Partial findings from a two-year U.S. government study released yesterday found a link between exposure to cellphone radiation and two types of cancers in male rats, possibly adding new urgency to the debate over the potential for cellphone use to cause cancer.
The National Toxicology Program (NTP), a part of the federal Department of Health and Human Services, said the findings “appear to support” the 2013 conclusion by the International Agency for Research on Cancer “regarding the possible carcinogenic potential” of cellphone radiation.
CTIA responds: For its part, trade association CTIA issued a statement Friday afternoon pointing out that multiple international and U.S. organizations — including the U.S. Food and Drug Administration, World Health Organization, and American Cancer Society — have determined that the already existing body of peer-reviewed and published studies shows that there are no established health effects from radio frequency signals used in cellphones.”
That evidence includes federal brain-cancer statistics showing that since the introduction of cellphones in the U.S. in 1983, “the rate of brain cancer in the United States has remained stable, CTIA said.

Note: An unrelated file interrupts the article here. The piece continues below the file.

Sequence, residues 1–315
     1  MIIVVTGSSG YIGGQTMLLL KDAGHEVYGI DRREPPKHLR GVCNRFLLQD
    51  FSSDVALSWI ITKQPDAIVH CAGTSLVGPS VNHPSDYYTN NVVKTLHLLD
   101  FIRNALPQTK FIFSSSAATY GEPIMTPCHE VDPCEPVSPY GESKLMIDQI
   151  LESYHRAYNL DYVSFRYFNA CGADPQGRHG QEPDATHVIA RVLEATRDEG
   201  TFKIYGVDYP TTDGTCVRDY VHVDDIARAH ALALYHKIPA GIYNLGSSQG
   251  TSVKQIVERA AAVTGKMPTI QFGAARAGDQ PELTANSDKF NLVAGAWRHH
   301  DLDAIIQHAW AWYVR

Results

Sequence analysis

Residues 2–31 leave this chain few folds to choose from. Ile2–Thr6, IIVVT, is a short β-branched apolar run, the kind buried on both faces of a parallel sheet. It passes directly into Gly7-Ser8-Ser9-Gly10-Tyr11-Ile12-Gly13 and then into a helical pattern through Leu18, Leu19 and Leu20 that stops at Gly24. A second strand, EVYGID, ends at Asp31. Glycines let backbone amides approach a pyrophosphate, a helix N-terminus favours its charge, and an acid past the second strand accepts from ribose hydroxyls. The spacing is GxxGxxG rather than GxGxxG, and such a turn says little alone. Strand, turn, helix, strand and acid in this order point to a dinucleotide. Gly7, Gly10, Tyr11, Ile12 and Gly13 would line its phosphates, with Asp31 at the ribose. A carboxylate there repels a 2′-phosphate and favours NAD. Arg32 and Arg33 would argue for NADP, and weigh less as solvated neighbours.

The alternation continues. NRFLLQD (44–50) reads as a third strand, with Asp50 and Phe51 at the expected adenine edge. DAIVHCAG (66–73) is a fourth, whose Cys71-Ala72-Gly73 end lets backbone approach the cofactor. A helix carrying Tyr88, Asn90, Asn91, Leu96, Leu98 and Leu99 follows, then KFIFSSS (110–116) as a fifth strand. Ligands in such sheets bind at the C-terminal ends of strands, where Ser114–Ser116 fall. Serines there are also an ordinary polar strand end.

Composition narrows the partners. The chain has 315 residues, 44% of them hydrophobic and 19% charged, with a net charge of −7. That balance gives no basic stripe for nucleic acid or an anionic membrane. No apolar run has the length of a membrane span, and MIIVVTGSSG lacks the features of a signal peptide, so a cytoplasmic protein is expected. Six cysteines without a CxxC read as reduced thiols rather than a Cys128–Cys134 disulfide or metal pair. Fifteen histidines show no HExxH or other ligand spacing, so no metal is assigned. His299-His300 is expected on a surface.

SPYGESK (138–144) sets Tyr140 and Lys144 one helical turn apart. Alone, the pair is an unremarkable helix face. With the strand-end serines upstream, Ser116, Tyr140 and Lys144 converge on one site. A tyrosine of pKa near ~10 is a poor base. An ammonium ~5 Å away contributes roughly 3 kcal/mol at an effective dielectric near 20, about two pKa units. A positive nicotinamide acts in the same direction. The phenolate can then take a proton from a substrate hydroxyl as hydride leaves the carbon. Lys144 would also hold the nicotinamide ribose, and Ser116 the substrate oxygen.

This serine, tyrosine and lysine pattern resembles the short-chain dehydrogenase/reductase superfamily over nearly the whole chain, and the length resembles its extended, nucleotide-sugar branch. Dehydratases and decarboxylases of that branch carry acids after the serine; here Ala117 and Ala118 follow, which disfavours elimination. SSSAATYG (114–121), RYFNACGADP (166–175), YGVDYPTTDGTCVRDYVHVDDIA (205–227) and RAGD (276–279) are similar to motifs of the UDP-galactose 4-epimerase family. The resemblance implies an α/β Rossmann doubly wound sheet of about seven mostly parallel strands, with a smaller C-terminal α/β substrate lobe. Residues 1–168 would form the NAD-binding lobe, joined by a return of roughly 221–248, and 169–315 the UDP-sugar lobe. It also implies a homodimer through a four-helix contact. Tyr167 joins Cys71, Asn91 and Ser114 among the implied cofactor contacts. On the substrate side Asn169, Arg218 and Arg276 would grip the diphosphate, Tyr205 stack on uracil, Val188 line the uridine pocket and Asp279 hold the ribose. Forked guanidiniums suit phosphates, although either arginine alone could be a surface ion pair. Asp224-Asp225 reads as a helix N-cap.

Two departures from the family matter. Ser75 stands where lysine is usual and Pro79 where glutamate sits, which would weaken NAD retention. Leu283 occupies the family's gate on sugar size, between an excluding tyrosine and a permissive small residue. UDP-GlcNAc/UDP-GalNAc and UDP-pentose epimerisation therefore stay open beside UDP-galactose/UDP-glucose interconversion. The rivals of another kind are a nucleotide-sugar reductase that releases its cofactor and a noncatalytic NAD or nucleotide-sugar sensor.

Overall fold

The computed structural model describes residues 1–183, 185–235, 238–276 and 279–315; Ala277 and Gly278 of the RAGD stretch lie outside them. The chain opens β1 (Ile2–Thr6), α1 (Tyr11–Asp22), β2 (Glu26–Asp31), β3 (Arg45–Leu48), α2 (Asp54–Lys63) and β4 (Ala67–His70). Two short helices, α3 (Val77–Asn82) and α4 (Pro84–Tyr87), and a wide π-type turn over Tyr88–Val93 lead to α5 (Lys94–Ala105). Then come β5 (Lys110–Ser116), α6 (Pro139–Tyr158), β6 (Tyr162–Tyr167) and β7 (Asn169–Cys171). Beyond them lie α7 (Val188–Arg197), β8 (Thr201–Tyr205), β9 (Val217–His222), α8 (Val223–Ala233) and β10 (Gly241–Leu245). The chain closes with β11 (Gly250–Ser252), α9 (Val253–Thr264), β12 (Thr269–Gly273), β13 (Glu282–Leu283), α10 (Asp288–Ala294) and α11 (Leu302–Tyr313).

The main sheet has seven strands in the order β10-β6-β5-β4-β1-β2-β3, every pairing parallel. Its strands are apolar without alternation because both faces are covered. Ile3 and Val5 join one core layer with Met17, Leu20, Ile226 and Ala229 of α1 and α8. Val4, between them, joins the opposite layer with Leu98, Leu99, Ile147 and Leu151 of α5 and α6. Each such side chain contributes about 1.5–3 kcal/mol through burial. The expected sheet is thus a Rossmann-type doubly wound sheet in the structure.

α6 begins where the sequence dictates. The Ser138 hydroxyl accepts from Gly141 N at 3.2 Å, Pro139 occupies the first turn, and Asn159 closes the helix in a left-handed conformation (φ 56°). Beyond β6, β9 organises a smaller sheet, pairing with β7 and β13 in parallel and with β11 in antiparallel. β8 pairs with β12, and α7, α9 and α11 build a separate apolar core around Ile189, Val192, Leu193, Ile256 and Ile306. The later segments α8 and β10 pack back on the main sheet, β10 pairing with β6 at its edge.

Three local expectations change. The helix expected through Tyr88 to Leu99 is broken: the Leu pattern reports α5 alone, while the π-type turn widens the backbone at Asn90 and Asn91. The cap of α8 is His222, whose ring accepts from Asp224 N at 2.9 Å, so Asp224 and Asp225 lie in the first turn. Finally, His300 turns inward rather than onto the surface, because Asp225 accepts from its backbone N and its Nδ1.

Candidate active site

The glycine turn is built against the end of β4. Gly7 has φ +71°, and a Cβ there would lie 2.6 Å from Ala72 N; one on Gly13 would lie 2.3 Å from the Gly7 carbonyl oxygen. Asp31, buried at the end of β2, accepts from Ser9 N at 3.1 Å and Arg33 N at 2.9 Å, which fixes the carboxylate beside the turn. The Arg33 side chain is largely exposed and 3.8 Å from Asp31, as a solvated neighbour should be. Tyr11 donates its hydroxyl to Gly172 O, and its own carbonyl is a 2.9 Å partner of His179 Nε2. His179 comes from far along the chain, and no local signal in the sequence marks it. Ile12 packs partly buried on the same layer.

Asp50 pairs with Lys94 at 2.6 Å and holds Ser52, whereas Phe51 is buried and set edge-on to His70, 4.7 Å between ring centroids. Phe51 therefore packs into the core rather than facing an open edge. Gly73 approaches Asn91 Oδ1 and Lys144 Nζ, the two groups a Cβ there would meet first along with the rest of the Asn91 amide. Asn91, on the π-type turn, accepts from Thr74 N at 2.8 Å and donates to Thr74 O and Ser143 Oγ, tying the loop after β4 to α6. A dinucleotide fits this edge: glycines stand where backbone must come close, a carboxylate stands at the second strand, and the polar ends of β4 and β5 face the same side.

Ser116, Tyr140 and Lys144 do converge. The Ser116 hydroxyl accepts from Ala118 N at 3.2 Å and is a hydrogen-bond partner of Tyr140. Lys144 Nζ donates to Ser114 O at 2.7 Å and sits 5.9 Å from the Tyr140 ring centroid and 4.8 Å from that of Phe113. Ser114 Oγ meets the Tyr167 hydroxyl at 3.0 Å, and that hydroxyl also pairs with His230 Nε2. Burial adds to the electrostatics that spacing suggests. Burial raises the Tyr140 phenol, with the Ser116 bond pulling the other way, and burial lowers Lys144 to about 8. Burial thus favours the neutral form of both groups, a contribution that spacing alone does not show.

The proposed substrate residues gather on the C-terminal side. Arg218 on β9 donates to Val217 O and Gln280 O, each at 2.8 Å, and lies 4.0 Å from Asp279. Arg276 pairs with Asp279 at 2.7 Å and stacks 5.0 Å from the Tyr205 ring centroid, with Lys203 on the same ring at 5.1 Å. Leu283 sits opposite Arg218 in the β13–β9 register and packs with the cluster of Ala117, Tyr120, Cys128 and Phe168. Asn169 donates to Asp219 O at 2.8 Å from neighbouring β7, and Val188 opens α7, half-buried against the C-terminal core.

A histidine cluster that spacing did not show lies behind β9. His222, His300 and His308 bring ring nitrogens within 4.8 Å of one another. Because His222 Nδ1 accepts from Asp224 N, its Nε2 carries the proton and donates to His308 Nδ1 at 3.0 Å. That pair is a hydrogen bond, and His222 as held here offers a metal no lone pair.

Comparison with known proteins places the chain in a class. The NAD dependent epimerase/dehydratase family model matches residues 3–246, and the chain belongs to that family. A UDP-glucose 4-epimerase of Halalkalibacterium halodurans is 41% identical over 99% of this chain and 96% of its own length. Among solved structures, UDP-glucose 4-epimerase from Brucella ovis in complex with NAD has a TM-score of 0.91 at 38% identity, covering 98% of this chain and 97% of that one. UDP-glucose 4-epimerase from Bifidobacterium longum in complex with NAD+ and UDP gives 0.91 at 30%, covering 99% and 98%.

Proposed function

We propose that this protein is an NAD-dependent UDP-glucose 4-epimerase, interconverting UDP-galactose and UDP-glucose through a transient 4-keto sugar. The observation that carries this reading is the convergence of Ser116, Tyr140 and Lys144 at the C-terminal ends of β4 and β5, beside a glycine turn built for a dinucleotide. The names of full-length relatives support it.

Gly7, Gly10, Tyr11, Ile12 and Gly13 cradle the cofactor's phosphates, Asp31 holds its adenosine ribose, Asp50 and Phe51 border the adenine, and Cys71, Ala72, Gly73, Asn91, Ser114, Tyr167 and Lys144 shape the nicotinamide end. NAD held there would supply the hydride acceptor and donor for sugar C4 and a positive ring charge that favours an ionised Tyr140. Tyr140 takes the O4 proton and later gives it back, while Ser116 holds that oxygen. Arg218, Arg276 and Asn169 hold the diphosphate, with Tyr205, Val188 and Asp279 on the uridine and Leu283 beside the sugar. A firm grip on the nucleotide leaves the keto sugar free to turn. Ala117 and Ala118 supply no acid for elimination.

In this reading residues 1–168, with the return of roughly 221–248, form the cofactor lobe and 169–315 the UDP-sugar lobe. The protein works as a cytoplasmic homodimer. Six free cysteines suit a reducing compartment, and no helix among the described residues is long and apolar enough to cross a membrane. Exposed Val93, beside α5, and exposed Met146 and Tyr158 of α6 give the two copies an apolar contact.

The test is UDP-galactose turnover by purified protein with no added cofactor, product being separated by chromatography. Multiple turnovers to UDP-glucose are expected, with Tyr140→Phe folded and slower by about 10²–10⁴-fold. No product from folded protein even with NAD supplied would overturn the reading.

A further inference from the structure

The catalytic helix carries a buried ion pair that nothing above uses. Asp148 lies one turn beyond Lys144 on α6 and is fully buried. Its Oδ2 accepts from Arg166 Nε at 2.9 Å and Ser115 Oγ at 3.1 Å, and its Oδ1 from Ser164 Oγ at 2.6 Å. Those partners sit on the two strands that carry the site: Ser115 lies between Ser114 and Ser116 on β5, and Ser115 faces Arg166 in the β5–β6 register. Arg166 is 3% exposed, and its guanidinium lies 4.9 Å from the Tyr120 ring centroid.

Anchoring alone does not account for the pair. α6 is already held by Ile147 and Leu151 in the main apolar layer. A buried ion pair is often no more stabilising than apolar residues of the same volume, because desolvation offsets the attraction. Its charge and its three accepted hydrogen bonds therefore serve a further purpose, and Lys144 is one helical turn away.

The National Institute of Health also recently noted that “previous human, observational data collected in earlier, large-scale population-based studies have found limited evidence of an increased risk for developing cancer from cellphone use.”
Earlier this month, an Australian survey found no increase in brain-cancer rates since cellphones were introduced there almost 30 years ago.
NTP findings: The NTP study found elevated levels of brain and heart cancer in male rats, with female rates exhibiting lower rates of both types of cancers.
Male rats exposed to CDMA radiation showed “a statistically significant positive trend” in the incidence of glioma brain tumors, though a “a low incidence” of the tumor was seen in male rats exposed to GSM radiation.
Exposed female rats exposed to CDMA and GSM radiation exhibited fewer instances of the brain tumors than the male rates, although the report notes that female rats received lower doses of CDMA radiation than male rats.
As for heart tumors, the report said rare “cardiac schwannomas were observed in male rates” exposed to GSM and CDMA radiation at varying levels. Exposed female rats showed far fewer incidences of the tumor.
In an apparent incongruity, the study also found that the rats exposed to radiation survived longer after the two-year study compared to a control group.
Complete NTP results will be release by the fall of 2017.